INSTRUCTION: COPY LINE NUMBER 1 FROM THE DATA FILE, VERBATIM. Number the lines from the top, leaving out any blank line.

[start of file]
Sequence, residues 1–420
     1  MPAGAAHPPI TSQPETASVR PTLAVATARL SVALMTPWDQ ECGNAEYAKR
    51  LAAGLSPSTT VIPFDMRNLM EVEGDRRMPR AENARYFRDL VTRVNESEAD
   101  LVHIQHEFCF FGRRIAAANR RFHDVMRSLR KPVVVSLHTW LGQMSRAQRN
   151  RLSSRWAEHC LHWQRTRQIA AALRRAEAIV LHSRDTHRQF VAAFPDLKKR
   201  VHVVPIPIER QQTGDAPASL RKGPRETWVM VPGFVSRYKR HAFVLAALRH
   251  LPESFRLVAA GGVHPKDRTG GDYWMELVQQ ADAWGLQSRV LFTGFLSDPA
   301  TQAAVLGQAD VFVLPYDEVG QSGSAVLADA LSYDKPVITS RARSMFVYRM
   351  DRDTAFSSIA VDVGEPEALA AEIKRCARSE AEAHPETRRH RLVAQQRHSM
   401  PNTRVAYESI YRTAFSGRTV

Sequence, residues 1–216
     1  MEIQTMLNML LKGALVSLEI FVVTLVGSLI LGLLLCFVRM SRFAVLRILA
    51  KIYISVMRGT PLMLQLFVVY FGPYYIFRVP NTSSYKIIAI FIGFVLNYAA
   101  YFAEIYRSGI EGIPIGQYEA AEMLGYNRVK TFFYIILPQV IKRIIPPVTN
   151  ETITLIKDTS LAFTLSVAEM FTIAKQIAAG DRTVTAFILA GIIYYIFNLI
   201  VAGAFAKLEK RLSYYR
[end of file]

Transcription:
Sequence, residues 1–420